Donning some wet weather gear we set off. The unremitting spray of Victoria gives the place its own microclimate. Just as in David’s time the falls are surrounded by lavish rainforest remaining both dramatic and dignified. Not so the hinterland, which has turned into a gold mine bastardized by the ever-increasing tourist commercialization. Now a major world tourist attraction with a population of 72000 living in and around its sides I am sure his Victorian constitution would take a turn for the worst.

Feeling somewhat strange dressed up in rain proofs we pay our entry fees. (Top TIP: Bring a waterproof bag for your cameras.) A trail through deep vegetation leads down to a jutting rock outcrop with many vantage points. Each stop taking ones breath away as the falls make’s public its claim to one of the world’s natural wonders. After the Sahara, the Kalahari and Namibian deserts we find it tricky to get our heads around so much water. God knows the way we are polluting the world drinking water it could be the source of many a forthcoming coming African war.

Around here you eventually realize that all paths lead to craft centres or craft villages and only a promise made at Danger Point overlooking Boiling Pot of lunch in the Victoria Falls Hotel saves the credit card from taking a pounding. The Victoria Falls Hotel is one of the few remaining old colonial old world hotels. Built in Edwardian style 1904 when the Cape to Cairo railway reached the falls it now caters to the well-heeled tourist.Afficher l'image d'origine

For the second time in our voyage, we feel inappropriately clad in shorts and tees shirts. In the splendid Livingstone Room, they don’t go with linen tablecloths, fine glassware, and an array of forks and knives to tax one’s dining table etiquette. This is made more than obvious by the standing waiter with a tray that is dressed in whites, gloves and red fez. “Madam” “Noilly Prat gin Martine please,” says Fanny “Would you like it served here or on the Stanley’s Terrace.” “Sir” “On the terrace; s’il vous paît; with a large Gin and tonic if you please. Perhaps the craft shop /village might have turned out more lenient on the plastic. To hell with it, this marks the starting point to the second half of our journey. With drinks in hand we watch a bungi jumper launch himself from Afficher l'image d'origine Over lunch I sign up for a one-day rafting trip in the morning down what called the Botaka Rapids.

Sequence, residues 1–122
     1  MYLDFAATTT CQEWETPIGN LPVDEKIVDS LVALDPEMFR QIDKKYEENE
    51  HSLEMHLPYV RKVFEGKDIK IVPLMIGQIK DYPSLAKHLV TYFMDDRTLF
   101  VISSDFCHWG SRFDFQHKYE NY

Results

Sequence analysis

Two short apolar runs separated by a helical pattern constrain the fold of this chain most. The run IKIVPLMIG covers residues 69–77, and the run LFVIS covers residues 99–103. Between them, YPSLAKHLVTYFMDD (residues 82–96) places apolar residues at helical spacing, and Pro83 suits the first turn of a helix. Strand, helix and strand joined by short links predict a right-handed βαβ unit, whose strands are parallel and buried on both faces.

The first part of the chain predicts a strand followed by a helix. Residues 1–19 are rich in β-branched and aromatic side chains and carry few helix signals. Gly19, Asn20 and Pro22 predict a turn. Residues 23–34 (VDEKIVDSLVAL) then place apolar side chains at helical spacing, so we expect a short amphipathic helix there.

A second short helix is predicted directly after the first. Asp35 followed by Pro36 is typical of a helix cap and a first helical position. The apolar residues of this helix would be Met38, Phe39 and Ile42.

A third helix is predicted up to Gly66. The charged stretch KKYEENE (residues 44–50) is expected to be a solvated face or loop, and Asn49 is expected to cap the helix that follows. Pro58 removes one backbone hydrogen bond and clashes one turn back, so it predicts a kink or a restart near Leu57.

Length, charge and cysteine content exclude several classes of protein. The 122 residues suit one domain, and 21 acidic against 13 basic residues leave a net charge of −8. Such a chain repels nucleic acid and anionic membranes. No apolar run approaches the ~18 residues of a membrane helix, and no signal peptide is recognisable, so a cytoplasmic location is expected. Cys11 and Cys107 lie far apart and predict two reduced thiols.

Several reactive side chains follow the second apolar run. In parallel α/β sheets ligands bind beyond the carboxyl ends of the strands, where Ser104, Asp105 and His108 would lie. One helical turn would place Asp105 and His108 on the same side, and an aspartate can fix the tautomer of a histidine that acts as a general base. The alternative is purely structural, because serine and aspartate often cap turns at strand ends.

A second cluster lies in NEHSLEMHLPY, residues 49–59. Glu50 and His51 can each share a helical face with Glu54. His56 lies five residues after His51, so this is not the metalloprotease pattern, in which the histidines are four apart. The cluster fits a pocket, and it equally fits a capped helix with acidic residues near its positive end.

7am the next morning “ Please sign the handed out forms.” Indemnities against all accidents and loss of life. Next the safety talk. Long swimmers. Hold on to the ropes on the side of the raft. Do as your raft leader requires and everything will be honkey dorey. Pay now drown later. My group consists of Dutch couple, an Aussie, a brother and sister, two employees of the rafting company and a black skipper. “OK, mount up.” I am sitting beside David our accompanying long swimmer canoeists. He hands out maps of the day’s river decent > Twenty-three rapids in total.

Looking at the map all the rapids are all suitably named to put the fear of God in those who have never done white water rafting before or who will never again. Rapid no 6 Devil’s Toilet Bowl. Rapid no 8 Midnight Diner > consisting of a choice of three runs. On the left “Star Trek” with a hole of 5m reserved for the brave, or down the middle called “Muncher Run”, or the right “ “Chicken Run.” rapid no 9 “Commercial Suicide”, “The Mother” rapid no 13, “Terminators One and Two” rapids no 16 and last but not least “ Oblivion “to name just a few.

Our converted Dutch army truck takes an hour to arrive at our launching pad so I have plenty of time to speak to David. Long swimmers turn out to be a bloke who has been swept some distance from the raft. It’s David’s job to go and fetch the drowning dude in his canoe i.e. long swimmers that are about to stop swimming. Short swimmers are those that pop up beside the raft. They are usually deal with by those who have not fallen out. If there is no left in the raft they should grab hold of the rope and climb aboard whether the raft is upside down or not.
The truck comes to a halt. Our first surprise is not long in coming. To get down to the river there is a long descent down the side of the gorge. Not by a track but step by step on a rickety ladder made from tree branches. With no handrails, it’s a true test of balance. The Dutch couples in front of me are making heavy weather of the decent. Our black captain raising his hand’s skywards in acknowledge of their difficulties. It looks like he has resigned himself to spending more time in the water than out of it. I can’t help sympathies with his premonitions. The Aussie brother and sister are attempting the descent by stepping in-between the ladder rungs. The inevitable happens. Crash! Down goes the long-legged sister chick ripping the ass out of her flimsy shorts exposing two juicy cheeks separated by a pink G-string. The panoramic view of which is not lost on our captain.